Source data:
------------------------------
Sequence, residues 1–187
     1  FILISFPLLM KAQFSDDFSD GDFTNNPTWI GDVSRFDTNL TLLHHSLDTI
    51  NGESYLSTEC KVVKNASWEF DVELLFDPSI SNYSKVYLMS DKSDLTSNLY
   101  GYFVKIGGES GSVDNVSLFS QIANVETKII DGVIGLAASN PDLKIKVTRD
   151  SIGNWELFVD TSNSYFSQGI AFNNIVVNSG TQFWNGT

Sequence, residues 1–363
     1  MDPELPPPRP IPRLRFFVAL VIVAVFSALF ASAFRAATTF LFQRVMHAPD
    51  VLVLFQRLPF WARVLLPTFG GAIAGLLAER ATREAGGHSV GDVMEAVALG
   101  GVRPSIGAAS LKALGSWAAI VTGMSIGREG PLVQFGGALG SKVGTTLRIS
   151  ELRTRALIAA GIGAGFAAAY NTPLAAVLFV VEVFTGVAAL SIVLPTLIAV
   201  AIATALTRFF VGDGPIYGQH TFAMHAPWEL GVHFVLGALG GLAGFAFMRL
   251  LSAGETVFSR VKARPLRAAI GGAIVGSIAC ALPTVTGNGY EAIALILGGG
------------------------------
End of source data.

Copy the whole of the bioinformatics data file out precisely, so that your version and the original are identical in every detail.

Sequence, residues 1–187
     1  FILISFPLLM KAQFSDDFSD GDFTNNPTWI GDVSRFDTNL TLLHHSLDTI
    51  NGESYLSTEC KVVKNASWEF DVELLFDPSI SNYSKVYLMS DKSDLTSNLY
   101  GYFVKIGGES GSVDNVSLFS QIANVETKII DGVIGLAASN PDLKIKVTRD
   151  SIGNWELFVD TSNSYFSQGI AFNNIVVNSG TQFWNGT

Sequence, residues 1–363
     1  MDPELPPPRP IPRLRFFVAL VIVAVFSALF ASAFRAATTF LFQRVMHAPD
    51  VLVLFQRLPF WARVLLPTFG GAIAGLLAER ATREAGGHSV GDVMEAVALG
   101  GVRPSIGAAS LKALGSWAAI VTGMSIGREG PLVQFGGALG SKVGTTLRIS
   151  ELRTRALIAA GIGAGFAAAY NTPLAAVLFV VEVFTGVAAL SIVLPTLIAV
   201  AIATALTRFF VGDGPIYGQH TFAMHAPWEL GVHFVLGALG GLAGFAFMRL
   251  LSAGETVFSR VKARPLRAAI GGAIVGSIAC ALPTVTGNGY EAIALILGGG